Address Them Directly: Children know when they’re being talked about

by EPI Staff on March 16, 2011

Q: My friend always speaks openly about my children right in front of them, and I know they can hear her. Is it acceptable for her to make comments about them but not address them directly?

A: You wouldn’t talk about an adult right in front of her face, and the same courtesy should be shown to a child. All but the youngest can-and are usually more than happy to-speak for themselves. She should address the child directly, offering the same respect you’d expect her to show you. If the comment is about something serious (say, the kid’s weight) ask her to save it for a time when you can discuss it privately. (And be sure to avoid phrasing your concern judgmentally.)

{ 2 comments… read them below or add one }

Daniel Post Senning March 16, 2011 at 4:25 pm

The more general guideline is that if anyone is present you don’t refer to them in the third person. I wish more people were aware of this as I hear it happen not infrequently and it always sounds strange to me. Modeling correct use of grammar in conversation with children as well as on the page is an important part of teaching children what is expected of them.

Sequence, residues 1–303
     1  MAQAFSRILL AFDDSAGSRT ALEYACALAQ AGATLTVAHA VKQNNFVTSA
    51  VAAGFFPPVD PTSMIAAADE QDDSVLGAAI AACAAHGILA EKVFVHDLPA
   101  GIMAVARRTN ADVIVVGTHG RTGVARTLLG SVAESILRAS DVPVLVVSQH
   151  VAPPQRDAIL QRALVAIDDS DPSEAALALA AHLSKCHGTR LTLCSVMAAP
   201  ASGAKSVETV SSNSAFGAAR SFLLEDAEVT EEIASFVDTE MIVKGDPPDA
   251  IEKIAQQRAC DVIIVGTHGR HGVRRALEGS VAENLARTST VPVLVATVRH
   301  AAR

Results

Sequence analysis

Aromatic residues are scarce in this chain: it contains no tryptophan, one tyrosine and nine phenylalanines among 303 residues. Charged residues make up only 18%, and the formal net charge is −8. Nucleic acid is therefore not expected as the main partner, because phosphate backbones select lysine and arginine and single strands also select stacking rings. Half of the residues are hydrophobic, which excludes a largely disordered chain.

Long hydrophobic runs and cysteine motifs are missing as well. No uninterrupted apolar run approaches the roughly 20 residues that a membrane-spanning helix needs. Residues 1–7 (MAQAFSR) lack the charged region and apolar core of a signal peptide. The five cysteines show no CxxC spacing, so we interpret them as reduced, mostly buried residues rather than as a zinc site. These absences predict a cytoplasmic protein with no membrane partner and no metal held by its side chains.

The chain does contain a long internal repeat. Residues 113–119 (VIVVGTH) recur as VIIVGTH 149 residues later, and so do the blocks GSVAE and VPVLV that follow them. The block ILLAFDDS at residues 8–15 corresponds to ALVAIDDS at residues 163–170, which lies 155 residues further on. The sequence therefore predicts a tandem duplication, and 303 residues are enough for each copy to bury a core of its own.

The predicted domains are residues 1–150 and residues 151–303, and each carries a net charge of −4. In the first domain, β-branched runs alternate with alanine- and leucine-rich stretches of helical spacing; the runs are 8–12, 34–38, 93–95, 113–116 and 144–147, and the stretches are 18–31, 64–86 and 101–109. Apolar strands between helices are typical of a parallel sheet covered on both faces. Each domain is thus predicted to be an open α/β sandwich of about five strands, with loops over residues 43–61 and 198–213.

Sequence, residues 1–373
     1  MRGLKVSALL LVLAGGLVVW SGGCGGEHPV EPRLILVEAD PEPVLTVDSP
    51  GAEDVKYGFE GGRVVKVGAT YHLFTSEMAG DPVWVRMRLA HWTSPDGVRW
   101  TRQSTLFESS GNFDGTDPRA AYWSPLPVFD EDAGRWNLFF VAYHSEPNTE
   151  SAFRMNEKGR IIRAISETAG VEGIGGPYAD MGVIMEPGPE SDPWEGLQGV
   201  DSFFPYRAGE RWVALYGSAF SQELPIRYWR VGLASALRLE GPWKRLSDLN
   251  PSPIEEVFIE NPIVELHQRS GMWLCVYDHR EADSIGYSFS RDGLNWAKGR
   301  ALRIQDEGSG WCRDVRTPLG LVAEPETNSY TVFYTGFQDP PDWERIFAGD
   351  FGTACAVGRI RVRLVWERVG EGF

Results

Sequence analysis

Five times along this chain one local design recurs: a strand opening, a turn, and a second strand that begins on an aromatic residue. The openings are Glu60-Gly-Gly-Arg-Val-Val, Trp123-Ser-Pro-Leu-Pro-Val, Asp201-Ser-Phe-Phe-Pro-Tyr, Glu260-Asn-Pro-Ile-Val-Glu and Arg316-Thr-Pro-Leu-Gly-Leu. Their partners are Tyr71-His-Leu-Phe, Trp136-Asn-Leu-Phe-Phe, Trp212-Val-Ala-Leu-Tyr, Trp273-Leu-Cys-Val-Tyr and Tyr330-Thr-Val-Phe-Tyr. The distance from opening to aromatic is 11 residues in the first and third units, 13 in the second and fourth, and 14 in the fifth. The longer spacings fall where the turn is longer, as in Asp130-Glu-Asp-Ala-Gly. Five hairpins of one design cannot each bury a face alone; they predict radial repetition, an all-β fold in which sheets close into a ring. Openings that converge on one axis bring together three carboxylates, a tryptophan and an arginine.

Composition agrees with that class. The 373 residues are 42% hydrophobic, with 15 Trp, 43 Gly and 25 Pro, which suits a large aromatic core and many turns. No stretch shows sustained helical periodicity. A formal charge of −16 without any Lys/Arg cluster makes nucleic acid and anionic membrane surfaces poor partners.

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Vanna Keiler March 16, 2011 at 5:19 pm

Wow! This question seems tailor-made for me. A relative of mine does the exact same thing: talking about her 5-year old daughter in front of me. Whether the conversation is about her merits, her demerits, discipline, praise…there is no conversation filter in front of her daughter. I have glanced at the daughter and each time confirmed she was closely listening to what was being discussed about her, and tactfully tried to change the subject. I have even tried to gently suggest to her not to do this behavior. The problem is, if you don’t bring it up right away in front of some people, they seem to develop amnesia and deny it ever occurred. What bothers me is obviously the effect it has on the morale and dignity of a young child, let alone an adult.

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